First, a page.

Liver Fire: irascible, dizzy and headaches

Angry Man

Like Liver Qi stagnation, Liver Fire is common.

Liver Fire symptoms include:

  • dizziness
  • distending sensation in the head
  • headache on the temples
  • ringing in the ears or sudden deafness
  • red, swollen or painful eyes
  • bitter or dry taste
  • red, flushed face
  • and irascibility, fits of anger.


Also, anxiety: very anxious – and CROSS

That’s not all. Common to this Liver Fire syndrome are other symptoms like:


If it becomes severe, ‘flare up of Fire of Liver’ – ie Liver Fire (that’s the wonderfully flowery way Chinese medicine often describes syndromes!) will damage the Liver’s function of storing the Blood which can lead to nose–bleed (epistaxis) and vomiting of blood (haematemesis).

  • Tongue is often red, with a yellow tongue coating
  • Pulse is wiry and rapid.


Heat rises, so the symptoms of flaring up of Fire of Liver, whether mild or severe, are in the upper body and head.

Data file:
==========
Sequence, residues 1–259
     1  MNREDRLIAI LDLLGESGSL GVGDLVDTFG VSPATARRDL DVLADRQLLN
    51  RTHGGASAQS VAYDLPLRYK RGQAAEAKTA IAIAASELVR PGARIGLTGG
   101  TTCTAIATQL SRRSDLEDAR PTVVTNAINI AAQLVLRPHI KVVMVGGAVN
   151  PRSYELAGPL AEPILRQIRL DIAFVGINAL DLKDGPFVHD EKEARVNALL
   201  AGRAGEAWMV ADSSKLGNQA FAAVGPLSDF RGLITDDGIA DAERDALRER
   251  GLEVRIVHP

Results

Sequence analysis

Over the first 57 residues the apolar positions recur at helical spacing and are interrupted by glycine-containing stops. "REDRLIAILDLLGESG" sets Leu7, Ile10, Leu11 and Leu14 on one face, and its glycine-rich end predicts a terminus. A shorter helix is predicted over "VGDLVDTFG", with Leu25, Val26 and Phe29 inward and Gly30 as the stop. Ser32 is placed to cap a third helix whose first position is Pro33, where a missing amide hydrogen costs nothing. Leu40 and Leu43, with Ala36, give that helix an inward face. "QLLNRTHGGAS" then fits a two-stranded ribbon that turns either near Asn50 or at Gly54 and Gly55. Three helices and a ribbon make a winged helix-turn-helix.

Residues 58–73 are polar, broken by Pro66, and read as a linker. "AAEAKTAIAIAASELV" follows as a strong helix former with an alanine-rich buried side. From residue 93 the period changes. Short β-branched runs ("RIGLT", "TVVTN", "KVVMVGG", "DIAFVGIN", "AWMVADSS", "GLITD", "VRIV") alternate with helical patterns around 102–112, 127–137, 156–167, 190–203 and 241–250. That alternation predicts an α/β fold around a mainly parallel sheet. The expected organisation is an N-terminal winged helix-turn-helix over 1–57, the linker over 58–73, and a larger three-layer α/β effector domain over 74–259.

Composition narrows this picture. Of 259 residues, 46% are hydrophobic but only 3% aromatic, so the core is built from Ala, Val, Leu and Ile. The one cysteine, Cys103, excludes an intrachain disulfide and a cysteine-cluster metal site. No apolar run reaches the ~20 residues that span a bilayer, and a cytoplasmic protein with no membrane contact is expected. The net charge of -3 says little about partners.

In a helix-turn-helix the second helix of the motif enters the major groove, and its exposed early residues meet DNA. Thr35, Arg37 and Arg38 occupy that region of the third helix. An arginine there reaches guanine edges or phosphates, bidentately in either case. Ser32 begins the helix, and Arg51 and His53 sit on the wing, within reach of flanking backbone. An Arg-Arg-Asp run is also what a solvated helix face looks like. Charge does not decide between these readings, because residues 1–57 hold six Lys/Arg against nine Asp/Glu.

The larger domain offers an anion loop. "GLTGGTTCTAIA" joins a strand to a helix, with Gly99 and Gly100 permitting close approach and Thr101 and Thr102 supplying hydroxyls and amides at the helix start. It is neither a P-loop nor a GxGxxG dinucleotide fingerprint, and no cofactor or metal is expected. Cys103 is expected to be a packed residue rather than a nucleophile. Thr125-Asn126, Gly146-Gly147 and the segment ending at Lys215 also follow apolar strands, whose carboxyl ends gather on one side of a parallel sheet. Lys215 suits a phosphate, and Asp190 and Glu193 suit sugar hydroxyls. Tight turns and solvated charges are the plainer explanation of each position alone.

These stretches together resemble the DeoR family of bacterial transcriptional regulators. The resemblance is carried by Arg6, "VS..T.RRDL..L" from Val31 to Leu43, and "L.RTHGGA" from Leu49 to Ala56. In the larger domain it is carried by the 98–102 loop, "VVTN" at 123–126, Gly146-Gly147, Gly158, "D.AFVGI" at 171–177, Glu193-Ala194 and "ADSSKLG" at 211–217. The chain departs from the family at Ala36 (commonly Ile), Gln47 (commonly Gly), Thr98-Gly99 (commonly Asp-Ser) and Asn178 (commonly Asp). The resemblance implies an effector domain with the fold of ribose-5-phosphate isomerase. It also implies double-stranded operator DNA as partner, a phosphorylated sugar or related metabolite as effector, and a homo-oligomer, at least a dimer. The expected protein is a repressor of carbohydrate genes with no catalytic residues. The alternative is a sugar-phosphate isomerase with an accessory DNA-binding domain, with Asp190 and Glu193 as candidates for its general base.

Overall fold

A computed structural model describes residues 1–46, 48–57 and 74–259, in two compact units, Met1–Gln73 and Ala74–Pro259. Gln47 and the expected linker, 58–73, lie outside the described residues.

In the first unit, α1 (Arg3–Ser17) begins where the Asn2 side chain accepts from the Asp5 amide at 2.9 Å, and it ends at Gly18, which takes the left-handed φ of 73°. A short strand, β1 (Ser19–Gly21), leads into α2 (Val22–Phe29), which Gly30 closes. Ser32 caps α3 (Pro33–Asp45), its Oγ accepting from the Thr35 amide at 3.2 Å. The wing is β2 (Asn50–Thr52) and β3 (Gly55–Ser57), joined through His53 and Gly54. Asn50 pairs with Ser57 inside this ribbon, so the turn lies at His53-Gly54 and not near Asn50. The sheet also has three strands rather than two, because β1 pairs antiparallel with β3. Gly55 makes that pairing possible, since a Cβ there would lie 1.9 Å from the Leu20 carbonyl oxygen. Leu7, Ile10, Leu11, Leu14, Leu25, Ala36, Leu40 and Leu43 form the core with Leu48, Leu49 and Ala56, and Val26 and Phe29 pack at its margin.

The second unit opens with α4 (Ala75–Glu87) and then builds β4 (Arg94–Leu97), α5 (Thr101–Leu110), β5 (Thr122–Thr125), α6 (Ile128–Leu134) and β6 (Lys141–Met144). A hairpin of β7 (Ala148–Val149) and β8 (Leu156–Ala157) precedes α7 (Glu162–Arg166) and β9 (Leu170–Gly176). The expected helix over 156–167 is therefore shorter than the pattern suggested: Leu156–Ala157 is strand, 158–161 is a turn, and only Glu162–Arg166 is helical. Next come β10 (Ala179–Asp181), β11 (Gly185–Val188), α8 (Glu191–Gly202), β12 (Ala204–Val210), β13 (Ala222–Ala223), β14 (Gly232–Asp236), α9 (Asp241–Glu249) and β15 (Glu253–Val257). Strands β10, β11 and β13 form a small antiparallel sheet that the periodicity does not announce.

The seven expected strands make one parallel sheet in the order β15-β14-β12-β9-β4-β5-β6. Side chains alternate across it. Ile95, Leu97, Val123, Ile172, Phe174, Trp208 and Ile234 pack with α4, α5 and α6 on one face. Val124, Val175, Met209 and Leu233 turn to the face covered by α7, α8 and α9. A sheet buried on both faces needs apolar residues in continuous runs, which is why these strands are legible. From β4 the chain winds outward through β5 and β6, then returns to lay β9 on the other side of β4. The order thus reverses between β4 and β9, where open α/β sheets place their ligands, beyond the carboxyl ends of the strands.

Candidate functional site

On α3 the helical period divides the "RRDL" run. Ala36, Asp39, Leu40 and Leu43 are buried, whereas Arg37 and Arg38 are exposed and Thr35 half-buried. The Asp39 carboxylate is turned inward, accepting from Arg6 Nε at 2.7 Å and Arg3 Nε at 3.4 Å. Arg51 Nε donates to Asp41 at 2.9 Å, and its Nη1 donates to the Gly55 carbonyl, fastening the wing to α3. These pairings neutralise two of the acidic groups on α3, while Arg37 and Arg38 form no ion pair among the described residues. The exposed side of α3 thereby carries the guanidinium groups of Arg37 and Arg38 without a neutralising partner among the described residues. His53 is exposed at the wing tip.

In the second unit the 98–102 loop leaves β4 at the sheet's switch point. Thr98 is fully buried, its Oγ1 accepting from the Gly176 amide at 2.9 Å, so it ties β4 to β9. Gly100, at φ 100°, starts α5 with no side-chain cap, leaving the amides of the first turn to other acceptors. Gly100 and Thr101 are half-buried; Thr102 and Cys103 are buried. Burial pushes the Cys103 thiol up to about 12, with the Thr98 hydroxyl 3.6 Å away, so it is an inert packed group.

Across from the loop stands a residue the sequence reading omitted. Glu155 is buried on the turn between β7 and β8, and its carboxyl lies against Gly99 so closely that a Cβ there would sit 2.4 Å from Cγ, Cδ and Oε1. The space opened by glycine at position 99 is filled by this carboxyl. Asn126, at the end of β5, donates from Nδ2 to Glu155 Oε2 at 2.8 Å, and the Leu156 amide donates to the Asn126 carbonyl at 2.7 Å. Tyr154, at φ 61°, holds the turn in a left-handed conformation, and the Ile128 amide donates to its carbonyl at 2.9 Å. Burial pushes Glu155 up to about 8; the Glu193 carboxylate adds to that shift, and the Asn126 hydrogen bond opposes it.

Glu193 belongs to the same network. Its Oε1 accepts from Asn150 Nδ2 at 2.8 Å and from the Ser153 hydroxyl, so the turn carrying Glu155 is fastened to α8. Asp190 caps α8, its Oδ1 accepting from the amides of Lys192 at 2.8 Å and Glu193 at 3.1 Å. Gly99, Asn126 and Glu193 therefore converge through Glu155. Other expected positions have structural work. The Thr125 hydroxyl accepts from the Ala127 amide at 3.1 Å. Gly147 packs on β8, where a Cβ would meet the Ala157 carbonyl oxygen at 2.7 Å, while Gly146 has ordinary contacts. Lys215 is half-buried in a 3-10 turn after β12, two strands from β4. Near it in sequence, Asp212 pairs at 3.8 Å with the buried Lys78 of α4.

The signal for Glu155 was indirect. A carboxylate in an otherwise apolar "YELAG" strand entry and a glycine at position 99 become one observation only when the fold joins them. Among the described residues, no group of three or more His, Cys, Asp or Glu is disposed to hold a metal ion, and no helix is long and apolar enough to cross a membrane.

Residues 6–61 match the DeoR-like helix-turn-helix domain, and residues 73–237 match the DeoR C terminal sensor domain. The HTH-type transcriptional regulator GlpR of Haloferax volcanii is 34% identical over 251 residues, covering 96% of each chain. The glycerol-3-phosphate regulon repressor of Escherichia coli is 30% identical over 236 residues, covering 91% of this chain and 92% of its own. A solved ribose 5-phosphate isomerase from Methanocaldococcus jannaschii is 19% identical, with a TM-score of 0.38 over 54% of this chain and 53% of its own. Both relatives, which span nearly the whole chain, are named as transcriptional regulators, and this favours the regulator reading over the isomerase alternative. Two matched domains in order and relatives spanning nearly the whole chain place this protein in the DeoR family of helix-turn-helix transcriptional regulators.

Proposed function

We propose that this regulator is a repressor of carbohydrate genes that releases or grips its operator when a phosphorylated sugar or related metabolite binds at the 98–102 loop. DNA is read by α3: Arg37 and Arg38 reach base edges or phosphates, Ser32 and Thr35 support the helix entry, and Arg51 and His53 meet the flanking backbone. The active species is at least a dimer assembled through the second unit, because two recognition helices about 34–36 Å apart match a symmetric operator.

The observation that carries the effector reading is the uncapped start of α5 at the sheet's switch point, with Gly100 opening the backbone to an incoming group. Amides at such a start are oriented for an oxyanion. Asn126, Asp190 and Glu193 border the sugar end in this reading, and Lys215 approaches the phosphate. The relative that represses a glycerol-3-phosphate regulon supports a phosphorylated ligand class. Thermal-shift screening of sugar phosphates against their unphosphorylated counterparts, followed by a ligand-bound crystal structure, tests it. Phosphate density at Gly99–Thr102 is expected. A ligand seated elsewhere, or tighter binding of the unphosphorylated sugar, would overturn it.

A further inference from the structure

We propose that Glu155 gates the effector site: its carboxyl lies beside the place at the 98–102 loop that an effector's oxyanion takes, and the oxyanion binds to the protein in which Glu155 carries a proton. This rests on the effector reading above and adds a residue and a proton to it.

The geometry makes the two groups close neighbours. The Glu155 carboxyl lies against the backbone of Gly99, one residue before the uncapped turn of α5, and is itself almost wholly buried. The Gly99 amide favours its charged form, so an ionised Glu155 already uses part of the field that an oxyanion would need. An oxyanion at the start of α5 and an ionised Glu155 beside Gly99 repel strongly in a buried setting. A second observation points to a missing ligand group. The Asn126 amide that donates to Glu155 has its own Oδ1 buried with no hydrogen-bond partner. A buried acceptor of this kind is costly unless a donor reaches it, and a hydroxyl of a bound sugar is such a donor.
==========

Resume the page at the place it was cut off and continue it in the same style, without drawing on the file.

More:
Fire cracker - what Liver Fire feels like
© Christos Georghiou –

The key feature of Liver Fire is irascibility. The patient often displays this but may complain about it too and if not, you must enquire – it’s important, because another condition – Liver Yang rising – can also have this, but it lacks the irascibility of Liver Fire.


Soon after I began practising acupuncture, my mentor Dr Mary Austin gave me one of her patients.

I now think it was probably a little test, but also I realised later on that perhaps she and he didn’t really get on.

He was in his fifties, grey-haired and, I thought, very self-possessed. He said he had a slight headache.

For me, a slight headache usually gets better overnight, so just needs rest. He said, firmly, this was not the case; sleep did not help.

So I dutifully took his case. Time went by with me enquiring politely about his reaction to the weather (enjoy the sun), his temper (very good), his bowel actions (perfectly regular thank-you), what position he slept in (very comfortably so I tend to forget but thank you for asking), what he felt like during a headache (want to get rid of it), his parents and grandparents and their health (I think he rolled his eyes but out of loyalty to Mary Austin he soldiered on) and lots more like that.

Used as he was to Mary Austin’s immediate diagnoses, he eventually got a little restless.

Looking Back …!